Sea level rise (SLR) will almost certainly significantly impact Gulf Coast wetlands in the next century. The 5th Assessment Report of the Intergovernmental Panel on Climate Change (IPCC, 2014) states that it is “extremely likely that human influence has been the dominant cause of the observed warming since the mid-20th century”. Additionally, depending on the representative concentration pathway (RCP) scenario for climate modeling simulations, global mean sea level rise for 2081-2100 will likely be between 0.26 meters and 0.98 meters (0.85 feet to 3.2 feet). To model what sea level rise might look like for you, check out NOAA’s Sea Level Rise Viewer.
These SLR ranges would have very negative effects on the distribution of estuarine salt marsh wetlands along the Gulf Coast, and on the fisheries dependent on these wetlands. While these impacts might seem far off, land use changes occurring in the next few decades could have a very large impact on whether sufficient estuarine wetlands survive to both support existing fisheries and maintain water quality of coastal estuaries.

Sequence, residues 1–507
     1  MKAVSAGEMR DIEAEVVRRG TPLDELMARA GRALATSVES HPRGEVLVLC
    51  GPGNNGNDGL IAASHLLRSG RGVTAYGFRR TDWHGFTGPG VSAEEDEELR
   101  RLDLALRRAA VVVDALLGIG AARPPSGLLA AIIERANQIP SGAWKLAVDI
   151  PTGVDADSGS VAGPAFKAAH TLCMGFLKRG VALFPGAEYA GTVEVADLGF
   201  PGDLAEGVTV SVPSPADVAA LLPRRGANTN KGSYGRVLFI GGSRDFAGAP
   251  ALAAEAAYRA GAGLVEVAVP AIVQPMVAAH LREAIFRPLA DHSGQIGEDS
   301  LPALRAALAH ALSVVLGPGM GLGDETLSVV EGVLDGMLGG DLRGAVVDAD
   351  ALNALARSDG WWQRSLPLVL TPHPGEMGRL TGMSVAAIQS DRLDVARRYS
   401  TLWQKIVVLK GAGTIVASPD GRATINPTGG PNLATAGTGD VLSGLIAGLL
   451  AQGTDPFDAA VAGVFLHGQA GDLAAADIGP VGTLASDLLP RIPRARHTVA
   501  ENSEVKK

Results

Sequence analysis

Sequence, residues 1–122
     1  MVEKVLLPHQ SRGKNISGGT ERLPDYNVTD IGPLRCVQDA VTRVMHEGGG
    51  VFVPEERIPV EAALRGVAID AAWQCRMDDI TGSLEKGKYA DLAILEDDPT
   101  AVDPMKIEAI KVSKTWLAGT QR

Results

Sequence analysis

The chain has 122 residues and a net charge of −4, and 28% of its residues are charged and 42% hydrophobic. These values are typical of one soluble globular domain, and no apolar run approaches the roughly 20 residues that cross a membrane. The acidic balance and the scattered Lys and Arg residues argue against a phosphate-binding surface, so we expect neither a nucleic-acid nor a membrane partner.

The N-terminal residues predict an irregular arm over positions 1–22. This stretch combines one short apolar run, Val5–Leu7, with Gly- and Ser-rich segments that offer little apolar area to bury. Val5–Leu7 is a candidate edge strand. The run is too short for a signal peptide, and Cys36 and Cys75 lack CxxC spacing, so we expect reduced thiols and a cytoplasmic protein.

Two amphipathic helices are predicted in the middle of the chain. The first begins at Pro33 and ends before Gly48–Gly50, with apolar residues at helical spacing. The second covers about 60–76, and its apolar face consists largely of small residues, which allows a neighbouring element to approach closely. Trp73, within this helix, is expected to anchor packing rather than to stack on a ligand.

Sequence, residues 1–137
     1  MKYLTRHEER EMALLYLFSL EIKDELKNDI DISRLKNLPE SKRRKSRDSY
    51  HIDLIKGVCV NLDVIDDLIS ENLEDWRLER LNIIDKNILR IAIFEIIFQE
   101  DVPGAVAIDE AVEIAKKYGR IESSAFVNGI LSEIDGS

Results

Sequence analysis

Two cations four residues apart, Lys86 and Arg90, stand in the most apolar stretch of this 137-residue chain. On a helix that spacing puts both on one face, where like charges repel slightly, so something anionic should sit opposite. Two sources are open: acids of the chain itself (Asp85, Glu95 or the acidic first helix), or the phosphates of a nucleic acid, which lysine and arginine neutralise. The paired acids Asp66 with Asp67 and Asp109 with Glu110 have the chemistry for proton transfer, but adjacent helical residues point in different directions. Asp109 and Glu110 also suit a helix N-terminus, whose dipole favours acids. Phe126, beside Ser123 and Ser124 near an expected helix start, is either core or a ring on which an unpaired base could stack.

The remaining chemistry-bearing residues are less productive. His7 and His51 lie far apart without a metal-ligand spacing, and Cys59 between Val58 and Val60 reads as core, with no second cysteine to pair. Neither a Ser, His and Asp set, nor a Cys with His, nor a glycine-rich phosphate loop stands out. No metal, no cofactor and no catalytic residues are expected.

|This review is limited to non-deltaic estuarine wetlands only, where natural accretion is usually less than existing sea level rise. Sedimentary accretion is a much greater factor in deltaic wetlands, particularly those of the Mississippi Delta.|
|This review is also limited to sea level rise impacts only, although there are additional impacts on coastal wetlands associated with climate change that could be considered – for example, increases in tropical storm intensity and frequency (Michener et al., 1997).|